Dual Action Truss Rod

A dual-action truss rod allows adjustment in both directions to control the amount of neck bow and relief. This type of rod offers more versatility compared to a single-action truss rod.

How It Works

  • A dual-action truss rod has an adjustable nut at both the headstock and body ends of the neck.
  • Turning in one direction increases rod tension, flattening any forward bow.
  • Turning the opposite way loosens tension, allowing some upward bow if needed.
  • This bi-directional adjustability allows control of both the back bow and forward bow as needed over time.


  • Allows neck relief to be set and adjusted as needed in both directions within the rod’s tension range.
  • Compensates for string tension changes over the lifetime of the guitar.
  • Accommodates adjustment for seasonal humidity changes.
  • Ideal for bolt-on neck guitars where the neck angle and bow may need adjustment.
  • Gives luthiers and guitar techs more precise control when doing neck adjustments.

The added flexibility of bi-directional truss rod adjustment makes dual action rods well-suited for most steel string acoustic guitars. Their capability to control both back bow and forward bow as needed provides versatility lacking in single action rods.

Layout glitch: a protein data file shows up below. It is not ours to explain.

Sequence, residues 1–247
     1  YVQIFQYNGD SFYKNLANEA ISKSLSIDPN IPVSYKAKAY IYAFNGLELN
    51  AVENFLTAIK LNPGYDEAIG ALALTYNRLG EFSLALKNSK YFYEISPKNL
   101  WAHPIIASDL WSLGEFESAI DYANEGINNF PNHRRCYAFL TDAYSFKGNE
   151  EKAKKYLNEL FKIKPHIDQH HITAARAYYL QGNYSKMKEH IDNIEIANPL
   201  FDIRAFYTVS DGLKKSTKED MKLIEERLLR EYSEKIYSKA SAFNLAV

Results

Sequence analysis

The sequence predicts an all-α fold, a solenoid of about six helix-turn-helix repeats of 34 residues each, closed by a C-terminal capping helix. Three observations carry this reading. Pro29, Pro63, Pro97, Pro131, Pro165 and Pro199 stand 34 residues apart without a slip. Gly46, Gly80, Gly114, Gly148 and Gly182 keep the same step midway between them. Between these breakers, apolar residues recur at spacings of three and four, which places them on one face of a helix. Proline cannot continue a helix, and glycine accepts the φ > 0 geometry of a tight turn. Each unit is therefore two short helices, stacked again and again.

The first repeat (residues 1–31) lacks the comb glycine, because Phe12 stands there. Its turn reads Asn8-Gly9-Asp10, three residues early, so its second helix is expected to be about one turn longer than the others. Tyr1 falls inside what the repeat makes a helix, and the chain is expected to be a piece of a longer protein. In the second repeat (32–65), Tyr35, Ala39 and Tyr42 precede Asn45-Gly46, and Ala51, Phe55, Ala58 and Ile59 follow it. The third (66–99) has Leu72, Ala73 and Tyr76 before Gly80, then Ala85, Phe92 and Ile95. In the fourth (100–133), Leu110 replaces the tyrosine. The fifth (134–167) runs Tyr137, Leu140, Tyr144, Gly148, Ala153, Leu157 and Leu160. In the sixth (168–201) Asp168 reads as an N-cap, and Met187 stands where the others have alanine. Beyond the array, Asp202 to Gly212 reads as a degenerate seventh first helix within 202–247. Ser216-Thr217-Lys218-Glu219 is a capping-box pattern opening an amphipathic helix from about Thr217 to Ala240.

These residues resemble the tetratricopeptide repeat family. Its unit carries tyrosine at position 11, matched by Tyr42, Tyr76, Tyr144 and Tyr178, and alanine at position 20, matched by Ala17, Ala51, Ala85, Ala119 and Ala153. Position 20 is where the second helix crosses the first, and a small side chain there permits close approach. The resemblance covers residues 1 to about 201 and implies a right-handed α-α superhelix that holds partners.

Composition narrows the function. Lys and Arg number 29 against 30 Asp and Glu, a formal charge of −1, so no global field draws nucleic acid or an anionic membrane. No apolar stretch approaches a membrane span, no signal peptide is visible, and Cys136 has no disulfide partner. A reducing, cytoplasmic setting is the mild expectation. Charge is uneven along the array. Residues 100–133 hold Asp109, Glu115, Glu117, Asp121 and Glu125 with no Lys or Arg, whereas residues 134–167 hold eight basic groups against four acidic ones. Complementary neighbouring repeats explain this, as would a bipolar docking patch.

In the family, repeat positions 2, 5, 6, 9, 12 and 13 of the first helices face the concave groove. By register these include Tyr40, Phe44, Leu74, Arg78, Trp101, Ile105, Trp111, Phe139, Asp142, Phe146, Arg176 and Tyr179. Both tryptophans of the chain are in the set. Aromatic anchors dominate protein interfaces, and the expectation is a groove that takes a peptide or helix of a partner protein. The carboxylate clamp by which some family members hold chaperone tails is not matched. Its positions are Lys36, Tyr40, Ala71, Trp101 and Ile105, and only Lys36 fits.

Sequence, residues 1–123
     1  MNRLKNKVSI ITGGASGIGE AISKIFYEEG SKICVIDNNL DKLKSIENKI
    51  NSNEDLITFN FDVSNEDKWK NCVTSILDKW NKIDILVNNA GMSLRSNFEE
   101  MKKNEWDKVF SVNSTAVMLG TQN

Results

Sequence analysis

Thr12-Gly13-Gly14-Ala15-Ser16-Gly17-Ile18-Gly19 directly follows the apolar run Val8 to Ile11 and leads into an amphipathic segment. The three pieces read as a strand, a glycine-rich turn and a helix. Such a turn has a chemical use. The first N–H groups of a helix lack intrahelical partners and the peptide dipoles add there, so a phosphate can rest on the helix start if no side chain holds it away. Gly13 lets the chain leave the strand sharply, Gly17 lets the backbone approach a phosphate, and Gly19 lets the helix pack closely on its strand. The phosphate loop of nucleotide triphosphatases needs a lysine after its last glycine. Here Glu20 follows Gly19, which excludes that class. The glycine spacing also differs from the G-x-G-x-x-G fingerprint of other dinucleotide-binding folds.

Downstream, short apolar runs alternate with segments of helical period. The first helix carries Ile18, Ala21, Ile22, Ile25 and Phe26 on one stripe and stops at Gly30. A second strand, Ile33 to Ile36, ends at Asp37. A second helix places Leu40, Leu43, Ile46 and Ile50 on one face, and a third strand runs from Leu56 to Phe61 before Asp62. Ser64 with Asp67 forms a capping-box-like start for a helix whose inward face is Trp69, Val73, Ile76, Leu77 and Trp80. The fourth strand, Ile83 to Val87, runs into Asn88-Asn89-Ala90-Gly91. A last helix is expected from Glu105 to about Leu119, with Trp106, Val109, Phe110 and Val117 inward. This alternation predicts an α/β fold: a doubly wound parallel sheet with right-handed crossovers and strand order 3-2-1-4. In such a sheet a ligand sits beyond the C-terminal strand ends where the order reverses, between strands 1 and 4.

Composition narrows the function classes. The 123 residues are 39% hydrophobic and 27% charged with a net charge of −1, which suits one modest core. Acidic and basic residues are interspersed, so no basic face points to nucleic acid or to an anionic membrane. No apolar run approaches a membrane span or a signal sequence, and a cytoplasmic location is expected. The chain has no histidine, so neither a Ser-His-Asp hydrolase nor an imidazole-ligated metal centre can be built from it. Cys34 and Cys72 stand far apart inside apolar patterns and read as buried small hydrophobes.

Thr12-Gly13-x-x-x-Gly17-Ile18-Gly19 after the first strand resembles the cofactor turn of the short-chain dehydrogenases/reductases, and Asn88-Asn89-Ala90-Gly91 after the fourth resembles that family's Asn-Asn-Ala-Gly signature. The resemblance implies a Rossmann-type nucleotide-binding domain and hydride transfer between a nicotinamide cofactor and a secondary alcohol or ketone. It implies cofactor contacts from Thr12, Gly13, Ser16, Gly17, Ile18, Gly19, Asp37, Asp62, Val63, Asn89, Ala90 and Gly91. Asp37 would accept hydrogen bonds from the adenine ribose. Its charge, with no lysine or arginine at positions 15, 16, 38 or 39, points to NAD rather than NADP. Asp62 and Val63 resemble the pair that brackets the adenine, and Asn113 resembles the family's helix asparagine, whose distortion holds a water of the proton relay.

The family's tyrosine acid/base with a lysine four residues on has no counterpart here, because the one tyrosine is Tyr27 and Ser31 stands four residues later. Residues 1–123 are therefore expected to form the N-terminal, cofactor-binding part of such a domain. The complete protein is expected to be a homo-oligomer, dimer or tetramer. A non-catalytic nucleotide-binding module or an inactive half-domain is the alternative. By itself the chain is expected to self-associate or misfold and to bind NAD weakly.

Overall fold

How often should I need to adjust my Trust Rod?

Adjusting the truss rod is not a regular maintenance task. It should only be done when it is needed.

It may be the case that you need to do it once or twice a year (particularly in environments where the humidity changes drastically between seasons) or it may be the case that you don’t need to do it for 10-15 years.

This will depend on a couple of things:

  • The environment your guitar lives in; and
  • The guitar itself – particularly the neck of the acoustic guitar – i.e. how strong the neck is, what material it is made of, the tension of the strings etc.

How to tell if I need to do an Acoustic Guitar Truss Rod Adjustment

Press on the first fret of the guitar and on the 14th fret (or whichever fret is the closest to the body of the guitar – usually the 14th fret). This is most easily done by using capos – or at least a capo at one end to free up your hands.

Now measure the gap between the string and the fret at the 7th fret. You can do this using feeler string gauges or just lightly pressing on the string at the 7th fret to get a feel for the gap.

Now check the gap at the frets closest to the first fret and the frets closest to the 14th fret.

  • If the gap is the same at the 7th fret as it is towards the 1st fret and towards the 14th fret then the neck is straight. The gap is likely to be very slight in this case.
  • If the gap at the 7th fret is larger than the gaps towards the 1st and 14th frets then there is some relief in the neck. Relief simply means that the neck is slightly lower on the fingerboard in the middle frets.